Page 2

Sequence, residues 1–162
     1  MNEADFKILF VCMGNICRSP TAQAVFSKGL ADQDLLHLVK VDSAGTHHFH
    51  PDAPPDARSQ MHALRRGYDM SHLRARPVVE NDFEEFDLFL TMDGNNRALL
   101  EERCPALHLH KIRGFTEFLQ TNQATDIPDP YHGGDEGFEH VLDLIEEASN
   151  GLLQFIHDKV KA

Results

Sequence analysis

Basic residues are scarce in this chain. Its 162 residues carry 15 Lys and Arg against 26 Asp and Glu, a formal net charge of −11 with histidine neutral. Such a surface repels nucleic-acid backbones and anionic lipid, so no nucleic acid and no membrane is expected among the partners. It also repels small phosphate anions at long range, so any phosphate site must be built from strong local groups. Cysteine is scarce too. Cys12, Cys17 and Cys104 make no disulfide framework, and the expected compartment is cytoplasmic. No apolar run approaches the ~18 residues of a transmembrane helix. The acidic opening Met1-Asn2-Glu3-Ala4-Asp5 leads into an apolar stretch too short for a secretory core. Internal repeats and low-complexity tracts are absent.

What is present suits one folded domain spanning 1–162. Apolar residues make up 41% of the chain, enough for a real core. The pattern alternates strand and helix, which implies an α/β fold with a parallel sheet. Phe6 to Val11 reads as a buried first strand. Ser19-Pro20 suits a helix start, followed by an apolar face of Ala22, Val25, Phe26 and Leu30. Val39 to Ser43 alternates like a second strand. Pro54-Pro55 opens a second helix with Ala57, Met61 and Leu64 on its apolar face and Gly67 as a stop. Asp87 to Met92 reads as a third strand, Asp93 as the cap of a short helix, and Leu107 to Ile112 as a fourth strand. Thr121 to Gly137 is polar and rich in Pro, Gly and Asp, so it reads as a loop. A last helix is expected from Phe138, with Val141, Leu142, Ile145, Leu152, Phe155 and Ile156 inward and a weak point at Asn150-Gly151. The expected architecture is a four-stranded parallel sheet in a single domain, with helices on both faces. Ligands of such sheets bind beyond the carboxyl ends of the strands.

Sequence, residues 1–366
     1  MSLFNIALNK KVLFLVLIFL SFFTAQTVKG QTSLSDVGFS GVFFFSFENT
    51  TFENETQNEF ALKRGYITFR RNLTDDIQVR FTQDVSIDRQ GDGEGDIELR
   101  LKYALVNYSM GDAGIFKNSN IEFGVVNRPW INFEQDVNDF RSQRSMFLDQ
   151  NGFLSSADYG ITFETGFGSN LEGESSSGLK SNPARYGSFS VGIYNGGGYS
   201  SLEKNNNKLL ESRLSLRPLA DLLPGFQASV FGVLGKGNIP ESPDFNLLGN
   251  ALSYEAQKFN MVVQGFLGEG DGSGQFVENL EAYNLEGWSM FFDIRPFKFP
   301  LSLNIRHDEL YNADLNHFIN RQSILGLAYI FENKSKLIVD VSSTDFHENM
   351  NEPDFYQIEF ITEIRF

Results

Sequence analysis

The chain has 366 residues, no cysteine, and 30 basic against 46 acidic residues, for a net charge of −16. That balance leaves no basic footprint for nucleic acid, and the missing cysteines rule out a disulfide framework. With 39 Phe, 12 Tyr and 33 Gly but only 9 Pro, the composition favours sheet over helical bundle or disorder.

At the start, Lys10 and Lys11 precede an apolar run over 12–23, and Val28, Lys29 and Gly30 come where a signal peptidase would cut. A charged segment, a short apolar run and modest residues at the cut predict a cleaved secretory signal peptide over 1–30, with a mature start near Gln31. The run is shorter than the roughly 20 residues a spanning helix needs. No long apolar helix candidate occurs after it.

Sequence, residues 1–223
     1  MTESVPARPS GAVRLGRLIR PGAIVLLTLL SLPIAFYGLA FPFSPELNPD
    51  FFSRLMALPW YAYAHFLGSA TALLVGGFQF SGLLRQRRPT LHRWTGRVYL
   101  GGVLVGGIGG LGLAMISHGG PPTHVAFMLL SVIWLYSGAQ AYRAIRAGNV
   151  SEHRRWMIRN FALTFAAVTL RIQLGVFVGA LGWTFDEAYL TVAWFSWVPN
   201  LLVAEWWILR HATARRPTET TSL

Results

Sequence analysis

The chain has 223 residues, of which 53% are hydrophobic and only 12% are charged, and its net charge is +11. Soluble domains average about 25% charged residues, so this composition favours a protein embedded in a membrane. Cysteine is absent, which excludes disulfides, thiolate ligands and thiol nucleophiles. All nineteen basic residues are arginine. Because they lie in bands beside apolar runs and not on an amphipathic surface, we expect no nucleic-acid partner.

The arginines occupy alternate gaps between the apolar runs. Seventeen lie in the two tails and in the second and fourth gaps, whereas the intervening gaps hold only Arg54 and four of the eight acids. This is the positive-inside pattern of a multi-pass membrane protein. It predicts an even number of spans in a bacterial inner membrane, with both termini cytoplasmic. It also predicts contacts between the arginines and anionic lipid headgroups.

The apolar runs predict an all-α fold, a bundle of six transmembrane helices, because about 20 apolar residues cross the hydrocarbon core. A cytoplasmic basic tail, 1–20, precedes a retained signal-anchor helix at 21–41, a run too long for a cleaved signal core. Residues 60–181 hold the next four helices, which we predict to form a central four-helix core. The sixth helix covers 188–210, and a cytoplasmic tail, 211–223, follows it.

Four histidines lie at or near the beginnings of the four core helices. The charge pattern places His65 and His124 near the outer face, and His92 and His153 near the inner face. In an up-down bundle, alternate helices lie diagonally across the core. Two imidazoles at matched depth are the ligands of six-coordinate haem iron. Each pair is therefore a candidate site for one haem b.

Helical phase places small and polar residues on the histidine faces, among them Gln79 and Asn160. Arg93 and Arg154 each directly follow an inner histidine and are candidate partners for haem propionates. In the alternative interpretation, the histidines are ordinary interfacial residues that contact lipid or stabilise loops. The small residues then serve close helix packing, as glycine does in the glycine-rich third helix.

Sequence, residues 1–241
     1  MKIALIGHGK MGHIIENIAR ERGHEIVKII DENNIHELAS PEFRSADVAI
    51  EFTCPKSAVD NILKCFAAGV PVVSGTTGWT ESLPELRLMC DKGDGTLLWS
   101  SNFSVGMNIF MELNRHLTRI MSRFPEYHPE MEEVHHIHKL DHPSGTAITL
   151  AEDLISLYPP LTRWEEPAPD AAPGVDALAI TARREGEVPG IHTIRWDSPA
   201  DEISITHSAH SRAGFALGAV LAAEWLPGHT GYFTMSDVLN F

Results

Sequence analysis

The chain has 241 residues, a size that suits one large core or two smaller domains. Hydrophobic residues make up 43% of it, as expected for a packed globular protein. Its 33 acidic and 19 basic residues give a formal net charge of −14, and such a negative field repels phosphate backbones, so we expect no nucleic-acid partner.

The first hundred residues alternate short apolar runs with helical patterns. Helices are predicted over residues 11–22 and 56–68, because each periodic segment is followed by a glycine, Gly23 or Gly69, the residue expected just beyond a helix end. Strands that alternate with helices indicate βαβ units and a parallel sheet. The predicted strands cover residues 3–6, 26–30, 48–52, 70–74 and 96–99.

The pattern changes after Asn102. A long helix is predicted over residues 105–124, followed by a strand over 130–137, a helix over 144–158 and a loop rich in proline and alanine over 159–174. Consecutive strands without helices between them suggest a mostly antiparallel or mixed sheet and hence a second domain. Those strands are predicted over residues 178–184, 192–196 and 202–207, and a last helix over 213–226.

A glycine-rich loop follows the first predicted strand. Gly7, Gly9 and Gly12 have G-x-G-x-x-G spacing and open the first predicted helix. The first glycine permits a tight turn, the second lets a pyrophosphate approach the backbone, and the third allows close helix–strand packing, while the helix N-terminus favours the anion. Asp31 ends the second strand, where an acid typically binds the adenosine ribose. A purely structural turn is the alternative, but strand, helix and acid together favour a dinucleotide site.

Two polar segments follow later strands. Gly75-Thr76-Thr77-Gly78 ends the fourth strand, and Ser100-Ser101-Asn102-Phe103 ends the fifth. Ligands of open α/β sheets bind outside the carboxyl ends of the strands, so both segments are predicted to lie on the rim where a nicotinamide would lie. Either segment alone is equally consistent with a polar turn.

We asked former Observer editor Geoffrey Rips to return to our editorial columns to observe the passing of Mrs. Florence Rosengren. WHEN I WAS TWELVE, I thought Rosengren’s Bookstore in the old Crockett Hotel in San Antonio was the way the world was. In a family ritual observed on frequent Saturday mornings, my father and whoever else so desired would go to Rosengren’s to browse. We entered off the exhaust-filled street behind the Alamo into an oasis of calm serenity. There was the smell of coffee brewing, the little candies by the cash register. And there were the books. I just “browsed” one or two sections back then, the rest serving as a subconscious energy source, radiating understanding, order, and ferment all at the same time. It was the kind of feeling you get in the great reading room of the New York Public Library, where just sitting at the long table surrounded by the world’s thought you become enlightened through absorption. But it was not just the books we went for at Rosengren’s. It was that moment when Florence Rosengren would look up from her paperwork in her perch at the back of the store, let her glasses hang down from her neck, smile, and descend, book in hand, to greet us. \(As Bryce Milligan pointed out in the San Antonio Light, it was always with Two Funds Set Up to Benefit Lind Scott Lind has been an occasional contributor to this magazine and a courageous reporter for the McAllen Monitor. In July he was admitted to a Mexico City hospital in a coma and diagnosed with viral encephalitis. He has now been admitted to the Warm Springs Rehabilitation Hospital in Gonzales, Tex., where he is listed in fair condition; he has come out of the coma. Contributions to defray Lind’s growing medical expenses he is not covered by health insurance can be sent to two funds: The Scott Lind Fund, FirstCity BankMcAlien, PO Box 1300, McAllen, Texas, 78502; and the San Antonio Association of Hispanic Journalists, PO Box 2171, San Antonio, Texas, 78297. a new book that she wanted to show my father or me. More often, she would ask what I was looking for or thinking about, then go to a shelf, and return with one, two, or three books opening in her hands as the world opens up. When I was 16, I knew the world a little better. I knew that Rosengren’s was not the way the world was, but the way the world was only in its finer moments. Rosengren’s was an oasis. For years, readers and writers had found their way to its doors. They included Dobie and Webb, Robert Frost and Alfred Knopf. It turned out that Rosengren’s, and more specifically Florence Rosengren, was not merely a beacon of light for the Southwest but provided a clearing in the thicket of this world sought out by pilgrims from across the nation. Had Rosengren’s existed in 1836 on the site of the Crockett Hotel behind the Alamo then the suicidal defense of that scrap of land would have been more understandable. By the time I was 23, I knew that Rosengren’s was the way the world was not. It was a refuge and a place to gather strength. Florence Rosengren, however, was no anachronism. She very much understood the world. She led me through the labyrinths of her wall of contemporary fiction to Donald Barthelme, Thomas Pynchon, and Gabriel Garcia Marquez before he was Gabriel Garcia Marquez. And to the past to the journals of Cabeza de Vaca in the “unknown interior of America.” Now at 37, I know that Rosengren’s is the way the world should be but may never be again. In the book world, there are various circles of existence. The lowest circles are reserved for the publishers who will not publish except to make money. Then there is the circle of airport newsstands. There is the circle for bookstore chains, serving as a bridge from hell to purgatory, keeping some writers and readers alive while starving others into oblivion. In purgatory we find the unpublished, the unsold, and the unread. There is a circle for bookstores larded with cookbooks and Jacqueline Susann but knowing better, carrying a Don DeLillo and Joyce and Yeats and Toni Morrison on the shelves in back. Crossing into Paradiso, there are the booksellers the Gotham Book Mart and St. Mark’s Place in New York and City Lights Bookstore in San Francisco come to mind whose stories add to the world’s light and space and whose books present ,,,, THE. TEXAS 1 IP server SEPTEMBER 16, 1988 VOLUME 80, NO. 18 FEATURES Inside an Israeli Detention Camp By James C. Harrington 4 Texas Republicans in New Orleans By Louis Dubose 6 A Few Facts About the “Other America By George Williams 10 A Day on the Hustings By Ann Vliet 11 The Spotty Record of Lauro Cavazos By Brett Campbell 13 Abortion Rights and Reverence for Life By Christopher Hitchens 15 DEPARTMENTS Dialogue 2 Editorial 3 Political Intelligence 14 Books and the Culture Martin Scorsese’s “Last Temptation” By Michael King 17 God and Man at Universal Studios By Stephen G. Kellman 18 Afterword The Speed of Flight By Dave Denison 22 a breadth of vision. And in the uppermost circle there was Florence Rosengren, who died last month, not many months after the closing of her store. As Dante wrote of another resident of Paradiso, hers was the “double light of natural intelligence and enlightening grace.” On second thought, Florence Rosengren was really a Virgil to all the Dantes writers, readers, and tourists alike who wandered into her store looking for something. “Wise Men Fish Here” reads the sign hanging outside New York’s Gotham Book Mart. If wisdom came to those who entered Rosengren’s, it was due to the medium between writer and reader provided by Florence Rosengren and her “enlightening grace.” -GEOFFREY RIPS EDITORIAL `Enlightening Grace’ THE TEXAS OBSERVER 3